Resume Mistakes Women Should Be Aware Of
The rightly constructed resume can be the difference between getting an interview and being completely ignored by a company. Women in particular face various issues that can hurt them when building their resumes. To succeed, women must understand these mistakes they could be making with their current resumes.
For a long time, women have been pre-conditioned to tell themselves that they shouldn't be overconfident or they will look like someone who's just being braggy. On the other hand, many men take the job hunting experience as a period in which they can oversell as much as possible to get the position they want.
Women must fight back by listing as much of their potential as possible. This includes listing every single position they have had in the past along with the skills they have learned from each of those positions. Selling yourself correctly is crucial when applying for any competitive position.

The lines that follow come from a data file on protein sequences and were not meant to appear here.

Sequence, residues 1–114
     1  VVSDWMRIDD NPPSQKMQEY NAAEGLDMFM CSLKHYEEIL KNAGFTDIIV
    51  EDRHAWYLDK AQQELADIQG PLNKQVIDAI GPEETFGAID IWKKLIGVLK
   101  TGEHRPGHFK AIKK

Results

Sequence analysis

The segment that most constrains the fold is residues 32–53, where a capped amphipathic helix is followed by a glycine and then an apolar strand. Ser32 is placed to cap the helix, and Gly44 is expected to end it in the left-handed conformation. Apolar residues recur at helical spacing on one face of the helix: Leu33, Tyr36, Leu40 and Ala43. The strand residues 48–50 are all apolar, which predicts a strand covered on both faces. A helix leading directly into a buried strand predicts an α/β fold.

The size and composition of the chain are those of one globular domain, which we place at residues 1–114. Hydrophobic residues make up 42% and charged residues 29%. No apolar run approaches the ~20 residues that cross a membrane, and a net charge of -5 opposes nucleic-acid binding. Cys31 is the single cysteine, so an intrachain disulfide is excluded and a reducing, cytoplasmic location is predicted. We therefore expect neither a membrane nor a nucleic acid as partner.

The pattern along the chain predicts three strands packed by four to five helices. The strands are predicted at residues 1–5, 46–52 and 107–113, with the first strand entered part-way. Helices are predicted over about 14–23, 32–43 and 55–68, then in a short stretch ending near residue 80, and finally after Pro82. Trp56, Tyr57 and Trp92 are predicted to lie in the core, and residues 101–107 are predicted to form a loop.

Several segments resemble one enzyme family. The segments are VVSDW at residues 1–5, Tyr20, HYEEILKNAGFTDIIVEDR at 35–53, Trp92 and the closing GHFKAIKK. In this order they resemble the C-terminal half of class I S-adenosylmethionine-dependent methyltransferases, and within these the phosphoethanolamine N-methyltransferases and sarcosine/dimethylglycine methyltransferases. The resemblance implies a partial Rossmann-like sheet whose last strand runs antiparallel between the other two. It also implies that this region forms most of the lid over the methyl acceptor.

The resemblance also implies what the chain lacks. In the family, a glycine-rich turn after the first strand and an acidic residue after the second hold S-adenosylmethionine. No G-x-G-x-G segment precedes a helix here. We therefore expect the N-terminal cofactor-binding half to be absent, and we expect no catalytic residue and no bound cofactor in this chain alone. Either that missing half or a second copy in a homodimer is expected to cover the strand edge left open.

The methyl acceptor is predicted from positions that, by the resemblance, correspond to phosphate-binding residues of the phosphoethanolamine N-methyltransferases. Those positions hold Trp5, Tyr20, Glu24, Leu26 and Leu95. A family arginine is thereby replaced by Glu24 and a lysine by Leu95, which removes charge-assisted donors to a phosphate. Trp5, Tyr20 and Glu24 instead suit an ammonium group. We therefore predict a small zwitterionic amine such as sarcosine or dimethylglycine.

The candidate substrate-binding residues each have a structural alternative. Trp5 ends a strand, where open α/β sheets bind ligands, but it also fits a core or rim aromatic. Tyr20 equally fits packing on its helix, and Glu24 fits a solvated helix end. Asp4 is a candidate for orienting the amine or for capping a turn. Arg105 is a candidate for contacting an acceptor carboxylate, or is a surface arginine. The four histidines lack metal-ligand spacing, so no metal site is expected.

Selling yourself correctly to businesses can be a small or large hurdle for some. Many though have more difficulty going on and talking about their achievements.
Workplace achievements include awards that women may have been given or certain projects of note someone might have been working on. Women should state their achievements in their resume as it gives businesses a good look into exactly what someone was doing when they had the role they listed in their resume. It also tells a business how much effort someone will be taking if they decided to hire that woman.
No matter the position, women should always be listing their achievements on their resumes.
A good resume shows enough information on achievements and roles someone might have had in the past. However, women should watch out for how bloated a resume can get while being unchecked.
To lessen the bloat on a resume, women should consider paring down their language to only including context on what they did exactly instead of what their team was doing. They should also use more general role names for what they were doing instead of explaining specific roles for each company.
By doing this, women will have enough detail on their resumes to convince employers to give them an interview but not have them gloss over their resumes due to too much information.
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